“We have well-managed private label funds for Asian families to put all their tangible and intangible assets in for succession planning and investment planning,” Pun says. “They can put unlisted companies, listed shares, private equities, intellectual properties, real estate, insurance policies and financial portfolios into unitised funds, which are set up in either Luxembourg or Liechtenstein with a Bloomberg ISIN number. Thus, the net asset value of their underlying assets is easily traced through Bloomberg by the unit holders.”


Asian clientele ‘keeping apace with world economy’

Pun also sees the needs of wealthy clients in Asia changing with a greater awareness of global models of wealth management. “While they are capitalising and monetising their assets through capital market actions, they are also concerned with keeping apace with the world economy, through proper investments and asset allocations,” she says.

According to Pun, Asian clients are also increasingly seeking holistic solutions for wealth transference to the younger generations of their families in legitimate, and tax-efficient, ways.

VP Bank has categorised these emerging needs into four broad areas: “The first need is wealth creation through engagement in capital market activities such as IPOs, M&As, debt issuance, asset securitisation and other activities,” Pun says.

“Second, the need for wealth enhancement, through global investments under proper asset allocation into traditional investment classes and alternatives,” she continues. 

“The third need is wealth protection through asset planning tools, such as private label investment funds, family trusts, private trust companies, private placement life insurance and others.”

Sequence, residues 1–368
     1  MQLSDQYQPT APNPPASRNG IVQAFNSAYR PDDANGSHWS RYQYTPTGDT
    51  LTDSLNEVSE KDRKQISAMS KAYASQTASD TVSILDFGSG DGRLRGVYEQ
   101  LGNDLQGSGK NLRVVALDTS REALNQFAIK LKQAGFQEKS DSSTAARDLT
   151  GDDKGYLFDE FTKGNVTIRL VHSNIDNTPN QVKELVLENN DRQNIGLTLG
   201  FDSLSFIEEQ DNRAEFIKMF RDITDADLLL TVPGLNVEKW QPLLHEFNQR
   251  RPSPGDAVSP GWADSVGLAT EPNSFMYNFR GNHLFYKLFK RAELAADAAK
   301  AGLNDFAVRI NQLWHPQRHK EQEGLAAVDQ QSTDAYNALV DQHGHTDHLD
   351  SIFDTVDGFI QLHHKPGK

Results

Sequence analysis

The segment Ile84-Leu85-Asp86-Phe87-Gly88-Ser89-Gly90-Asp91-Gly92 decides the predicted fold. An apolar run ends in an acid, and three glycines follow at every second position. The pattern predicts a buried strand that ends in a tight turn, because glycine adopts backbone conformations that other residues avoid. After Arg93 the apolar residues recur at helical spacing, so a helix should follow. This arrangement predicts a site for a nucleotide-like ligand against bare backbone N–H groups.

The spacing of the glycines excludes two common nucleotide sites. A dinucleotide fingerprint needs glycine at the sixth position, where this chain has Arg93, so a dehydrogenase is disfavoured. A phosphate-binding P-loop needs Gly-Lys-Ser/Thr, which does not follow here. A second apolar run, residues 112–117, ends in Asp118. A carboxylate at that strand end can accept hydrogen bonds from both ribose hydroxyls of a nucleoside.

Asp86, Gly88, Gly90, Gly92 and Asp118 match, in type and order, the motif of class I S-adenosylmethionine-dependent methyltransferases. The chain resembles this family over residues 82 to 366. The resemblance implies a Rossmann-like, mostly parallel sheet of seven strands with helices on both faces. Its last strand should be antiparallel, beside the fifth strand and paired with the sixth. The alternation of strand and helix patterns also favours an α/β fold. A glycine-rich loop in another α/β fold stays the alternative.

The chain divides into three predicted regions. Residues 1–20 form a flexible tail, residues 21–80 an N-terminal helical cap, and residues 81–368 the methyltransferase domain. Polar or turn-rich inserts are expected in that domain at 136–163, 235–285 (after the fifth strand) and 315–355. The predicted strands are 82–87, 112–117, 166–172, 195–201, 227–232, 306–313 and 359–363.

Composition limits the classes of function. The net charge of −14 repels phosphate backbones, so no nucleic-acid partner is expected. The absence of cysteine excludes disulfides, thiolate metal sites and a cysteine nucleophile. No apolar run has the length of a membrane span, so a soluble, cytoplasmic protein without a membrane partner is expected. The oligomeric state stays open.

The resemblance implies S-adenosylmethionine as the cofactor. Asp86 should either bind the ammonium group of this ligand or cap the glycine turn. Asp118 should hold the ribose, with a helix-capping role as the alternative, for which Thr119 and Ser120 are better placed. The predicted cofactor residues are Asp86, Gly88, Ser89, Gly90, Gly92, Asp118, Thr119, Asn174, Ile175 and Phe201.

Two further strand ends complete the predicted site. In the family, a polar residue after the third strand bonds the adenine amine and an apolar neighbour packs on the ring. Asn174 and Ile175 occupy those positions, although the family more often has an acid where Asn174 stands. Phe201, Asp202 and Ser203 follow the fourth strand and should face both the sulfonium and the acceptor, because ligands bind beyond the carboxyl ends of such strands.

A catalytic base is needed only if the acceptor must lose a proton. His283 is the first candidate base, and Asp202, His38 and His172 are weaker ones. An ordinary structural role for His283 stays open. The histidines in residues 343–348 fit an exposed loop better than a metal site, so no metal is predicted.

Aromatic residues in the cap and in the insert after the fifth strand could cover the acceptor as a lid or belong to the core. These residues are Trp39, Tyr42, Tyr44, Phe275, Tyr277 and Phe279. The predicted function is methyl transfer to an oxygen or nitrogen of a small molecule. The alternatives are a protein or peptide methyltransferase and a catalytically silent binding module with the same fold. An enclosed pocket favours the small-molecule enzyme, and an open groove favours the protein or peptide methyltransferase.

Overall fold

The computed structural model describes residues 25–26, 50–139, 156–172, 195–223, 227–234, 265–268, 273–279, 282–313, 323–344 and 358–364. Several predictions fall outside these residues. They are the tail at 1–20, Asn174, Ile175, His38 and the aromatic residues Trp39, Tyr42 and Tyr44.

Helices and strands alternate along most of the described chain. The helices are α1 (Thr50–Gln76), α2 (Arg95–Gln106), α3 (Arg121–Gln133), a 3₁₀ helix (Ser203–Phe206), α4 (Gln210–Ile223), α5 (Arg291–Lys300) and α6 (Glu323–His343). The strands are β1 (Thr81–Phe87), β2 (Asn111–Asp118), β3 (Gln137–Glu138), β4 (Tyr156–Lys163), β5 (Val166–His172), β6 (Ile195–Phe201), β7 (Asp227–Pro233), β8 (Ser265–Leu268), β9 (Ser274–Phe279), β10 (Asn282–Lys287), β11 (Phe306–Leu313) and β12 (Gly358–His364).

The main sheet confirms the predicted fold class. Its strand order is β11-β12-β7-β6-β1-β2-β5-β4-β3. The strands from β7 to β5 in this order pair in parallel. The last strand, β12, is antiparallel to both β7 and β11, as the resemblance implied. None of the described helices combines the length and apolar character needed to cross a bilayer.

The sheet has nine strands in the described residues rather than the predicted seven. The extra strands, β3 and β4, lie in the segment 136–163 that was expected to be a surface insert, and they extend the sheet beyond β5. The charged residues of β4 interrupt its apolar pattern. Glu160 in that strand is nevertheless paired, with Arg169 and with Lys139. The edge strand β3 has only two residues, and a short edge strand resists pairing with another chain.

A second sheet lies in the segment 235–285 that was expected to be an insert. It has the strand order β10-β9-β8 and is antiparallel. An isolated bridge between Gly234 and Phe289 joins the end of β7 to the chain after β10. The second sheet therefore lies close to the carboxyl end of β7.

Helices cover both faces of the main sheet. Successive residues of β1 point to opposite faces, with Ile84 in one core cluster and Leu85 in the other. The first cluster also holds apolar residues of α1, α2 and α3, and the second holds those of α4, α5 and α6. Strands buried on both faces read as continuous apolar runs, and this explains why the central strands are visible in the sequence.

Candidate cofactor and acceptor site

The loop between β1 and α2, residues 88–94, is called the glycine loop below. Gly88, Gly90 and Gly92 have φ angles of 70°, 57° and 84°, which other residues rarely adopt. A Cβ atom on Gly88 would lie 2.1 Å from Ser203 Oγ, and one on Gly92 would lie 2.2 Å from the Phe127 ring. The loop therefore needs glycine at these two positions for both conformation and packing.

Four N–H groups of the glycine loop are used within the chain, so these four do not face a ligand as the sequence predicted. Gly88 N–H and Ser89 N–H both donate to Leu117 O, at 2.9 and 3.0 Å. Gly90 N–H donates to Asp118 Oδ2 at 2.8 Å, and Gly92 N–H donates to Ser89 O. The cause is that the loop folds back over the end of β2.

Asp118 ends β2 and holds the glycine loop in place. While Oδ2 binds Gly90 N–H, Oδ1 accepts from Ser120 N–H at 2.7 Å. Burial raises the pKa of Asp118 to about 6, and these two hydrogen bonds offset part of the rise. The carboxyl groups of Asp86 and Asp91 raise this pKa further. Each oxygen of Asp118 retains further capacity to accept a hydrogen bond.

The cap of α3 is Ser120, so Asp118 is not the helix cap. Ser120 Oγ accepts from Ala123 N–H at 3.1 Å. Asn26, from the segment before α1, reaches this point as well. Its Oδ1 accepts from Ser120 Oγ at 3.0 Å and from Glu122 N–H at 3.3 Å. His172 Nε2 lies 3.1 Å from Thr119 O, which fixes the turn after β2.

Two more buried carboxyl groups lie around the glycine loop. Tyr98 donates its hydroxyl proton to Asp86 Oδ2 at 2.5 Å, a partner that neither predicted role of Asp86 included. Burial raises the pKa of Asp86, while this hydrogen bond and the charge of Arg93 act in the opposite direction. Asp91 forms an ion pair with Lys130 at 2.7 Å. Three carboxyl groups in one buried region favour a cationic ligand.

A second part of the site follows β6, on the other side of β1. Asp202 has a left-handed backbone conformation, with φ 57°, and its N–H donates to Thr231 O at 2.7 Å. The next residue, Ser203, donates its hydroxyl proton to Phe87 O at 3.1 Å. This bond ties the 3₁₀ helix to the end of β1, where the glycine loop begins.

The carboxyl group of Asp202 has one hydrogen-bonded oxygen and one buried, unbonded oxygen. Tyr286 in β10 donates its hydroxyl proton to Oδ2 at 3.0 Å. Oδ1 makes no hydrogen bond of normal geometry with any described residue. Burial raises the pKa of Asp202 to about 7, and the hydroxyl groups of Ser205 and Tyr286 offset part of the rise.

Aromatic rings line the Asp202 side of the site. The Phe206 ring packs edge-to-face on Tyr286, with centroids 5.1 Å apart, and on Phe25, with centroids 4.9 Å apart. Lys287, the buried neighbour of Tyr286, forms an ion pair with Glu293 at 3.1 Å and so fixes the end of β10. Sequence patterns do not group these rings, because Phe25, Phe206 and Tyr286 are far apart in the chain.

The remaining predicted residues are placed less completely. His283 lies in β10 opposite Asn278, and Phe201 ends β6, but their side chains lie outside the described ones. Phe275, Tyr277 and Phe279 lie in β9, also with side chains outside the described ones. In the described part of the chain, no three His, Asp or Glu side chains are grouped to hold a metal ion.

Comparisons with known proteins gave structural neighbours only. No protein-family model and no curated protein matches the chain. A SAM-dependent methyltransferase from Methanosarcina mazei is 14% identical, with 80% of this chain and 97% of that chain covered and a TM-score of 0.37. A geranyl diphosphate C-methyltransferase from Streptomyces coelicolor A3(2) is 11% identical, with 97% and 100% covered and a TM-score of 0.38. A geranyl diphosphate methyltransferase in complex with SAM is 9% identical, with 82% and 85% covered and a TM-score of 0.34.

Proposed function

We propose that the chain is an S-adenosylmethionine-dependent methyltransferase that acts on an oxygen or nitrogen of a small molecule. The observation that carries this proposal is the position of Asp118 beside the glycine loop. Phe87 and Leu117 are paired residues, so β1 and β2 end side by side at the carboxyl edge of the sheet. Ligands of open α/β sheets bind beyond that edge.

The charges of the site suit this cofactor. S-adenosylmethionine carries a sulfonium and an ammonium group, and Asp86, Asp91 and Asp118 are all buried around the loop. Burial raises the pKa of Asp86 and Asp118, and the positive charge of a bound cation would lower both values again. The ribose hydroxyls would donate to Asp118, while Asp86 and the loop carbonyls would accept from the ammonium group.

Lastly, says Pun, there is “a need for wealth transitioning through structured generational transfers within families, and charitable social foundations.”

She continues: “We intend to partner with external trust companies to offer family trusts and other structures to help families preserve their assets for their beneficiaries.”

For family offices, VP Bank also offers consolidated portfolio statements for their respective custodian banks, so that families can have an overall picture of their financial investment and positions.


High tech mobile apps as value propositions

“Needless to say, market research and investment solutions are another value proposition in serving HNWIs. With high-tech mobile apps and interactive online banking, our clients can trade shares, bonds and mutual funds any time they want,” Pun says. “We also have technology-savvy tools in portfolio reviews and rebalancing. The straight through processing of orders is efficient, and effective.”